us, it’s not a passing phase, but a vital technology for the
21st century,” Press said at an annual automotive conference.
Press said Toyota wants hybrids to make up 25 percent of its U.S.
sales by early in the next decade, and wants to sell one million
hybrids worldwide by the same time. That would require the automaker
to sell 600,000 hybrids in the United States, or approximately one-quarter
of its projected sales—a significant increase in U.S. hybrid
Press said Toyota will meet its goal by aggressively introducing
new hybrid versions of its lineup. The company introduced two such
sport utility vehicles this year—the Lexus RX 400h hybrid in
April and the Toyota Highlander hybrid in June—and will introduce
hybrid versions of the Lexus GS sedan and the Toyota Camry next year.
In addition, Press said Toyota has 10 hybrids under development.
to Publish Accountability Ratings
AccountAbility and csrnetwork have have announced that their Accountability
Rating® 2005 will be published in Fortune magazine in September.
The Accountability Rating, now in its second year, measures how well
or how badly the world’s top companies account for their impacts
on society and the environment. The ranking is defined by using the
Global 100 (G-100) companies, as compiled by Fortune.
Scores are built up by detailed analysis of a company’s performance
under six domains: stakeholder engagement, governance, strategic
intent, performance management, assurance and public disclosure.
BP headed the table in 2004, followed closely by Suez and then Royal
The Accountability Rating looks closely at how companies integrate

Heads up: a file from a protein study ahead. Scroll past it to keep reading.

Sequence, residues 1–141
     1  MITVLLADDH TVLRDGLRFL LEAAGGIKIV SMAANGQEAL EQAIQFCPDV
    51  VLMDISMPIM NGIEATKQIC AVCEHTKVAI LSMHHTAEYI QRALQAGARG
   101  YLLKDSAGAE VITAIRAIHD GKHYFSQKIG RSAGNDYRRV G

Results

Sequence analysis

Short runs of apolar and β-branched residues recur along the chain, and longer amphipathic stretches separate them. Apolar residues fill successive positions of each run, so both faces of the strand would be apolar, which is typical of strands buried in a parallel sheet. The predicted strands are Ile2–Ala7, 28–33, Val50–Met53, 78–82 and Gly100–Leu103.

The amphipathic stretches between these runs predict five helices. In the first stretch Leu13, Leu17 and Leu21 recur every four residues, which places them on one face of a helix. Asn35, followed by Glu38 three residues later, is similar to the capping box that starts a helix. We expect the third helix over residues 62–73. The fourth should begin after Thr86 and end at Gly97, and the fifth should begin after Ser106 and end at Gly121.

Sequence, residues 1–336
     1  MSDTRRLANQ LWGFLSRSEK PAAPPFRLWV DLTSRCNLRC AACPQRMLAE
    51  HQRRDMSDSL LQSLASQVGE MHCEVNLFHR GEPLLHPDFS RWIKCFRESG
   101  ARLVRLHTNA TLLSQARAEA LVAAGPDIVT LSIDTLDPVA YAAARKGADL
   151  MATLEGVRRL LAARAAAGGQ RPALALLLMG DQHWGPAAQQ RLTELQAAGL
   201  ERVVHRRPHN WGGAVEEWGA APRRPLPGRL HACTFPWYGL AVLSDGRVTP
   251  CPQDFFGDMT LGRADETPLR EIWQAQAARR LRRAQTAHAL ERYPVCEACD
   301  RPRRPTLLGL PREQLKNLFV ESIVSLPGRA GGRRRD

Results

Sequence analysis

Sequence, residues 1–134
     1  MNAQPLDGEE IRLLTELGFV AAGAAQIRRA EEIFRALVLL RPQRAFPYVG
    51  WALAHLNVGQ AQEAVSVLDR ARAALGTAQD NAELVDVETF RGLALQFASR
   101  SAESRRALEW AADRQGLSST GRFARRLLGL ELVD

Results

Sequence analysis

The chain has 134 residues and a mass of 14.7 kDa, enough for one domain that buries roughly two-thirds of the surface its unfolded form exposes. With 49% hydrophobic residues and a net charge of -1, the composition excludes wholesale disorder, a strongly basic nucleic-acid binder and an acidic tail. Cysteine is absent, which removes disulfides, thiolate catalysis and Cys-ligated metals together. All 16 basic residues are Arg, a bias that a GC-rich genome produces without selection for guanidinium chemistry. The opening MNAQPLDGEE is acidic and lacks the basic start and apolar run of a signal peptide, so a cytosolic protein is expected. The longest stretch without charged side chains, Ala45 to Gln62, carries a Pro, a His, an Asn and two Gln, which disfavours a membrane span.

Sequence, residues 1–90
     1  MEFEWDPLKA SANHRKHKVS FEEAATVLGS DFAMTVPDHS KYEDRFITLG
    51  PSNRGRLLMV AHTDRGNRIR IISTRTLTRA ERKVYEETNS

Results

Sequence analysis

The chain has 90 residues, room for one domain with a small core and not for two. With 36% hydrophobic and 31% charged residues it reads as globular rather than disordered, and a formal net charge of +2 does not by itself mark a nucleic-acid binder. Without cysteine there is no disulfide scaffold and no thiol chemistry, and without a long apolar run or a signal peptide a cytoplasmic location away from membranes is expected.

responsible business practices into their core processes,” said
Mark Line, director of csr- network. “The results indicate
how businesses must change if they are to create long-term economic
value and contribute to sustainable development.”
Simon Zadek, CEO of AccountAbility said, “Accountability has
become the leading business issue of the new century. ...Yet, as
almost every company claims to be changing for the better, we need
to distinguish between genuine best practice and PR spin. The Accountability
Rating reveals the truth behind the rhetoric, and shows that the
biggest are not necessarily the best.”
Partnership to Reduce
Antibiotics in Pork
Food service giant Compass Group North America announced with
partners Environmental Defense and Smithfield Foods, Inc. a first-of-its-kind
purchasing policy to curb antibiotic use in pork production.
The policy prohibits the purchase of pork in which antibiotics
that belong to classes of compounds approved for use in human medicine
have been used for growth-promotion purposes. It also requires
suppliers to report and reduce antibiotic usage over time. Similar
requirements will apply to the company’s purchase of chicken.
The policy applies to all animals that are raised by suppliers
for the duration of their lives.
The overuse of antibiotics in animal agriculture and in human medicine
can cause the drugs to become less effective. Estimates of antibiotic
use in livestock production vary, but there is general agreement
that reducing overall use of antibiotics will prolong the effectiveness
of these important medicines.
Green Chemistry Challenge Awards Given
The winners of the 2005 Presidential Green Chemistry Challenge
Awards were announced by the U.S. EPA in July. The following companies
were honored with awards: Metabolix, Inc. received the Small Business
Award; Merck & Co. received an Alternative Synthetic Pathways
Award, as did the team of Archer Daniels Midland Company and Novozymes;
BASF Corporation received the Alternative Solvents and Reaction
Conditions Award; and Archer Daniels Midland Company received the
Designing Safer Chemicals Award. Professor Robin D. Rogers of the
University of Alabama received the Academic Award.
The Presidential Green Chemistry Challenge Awards Program grants
awards annually in recognition of innovations in cleaner, cheaper,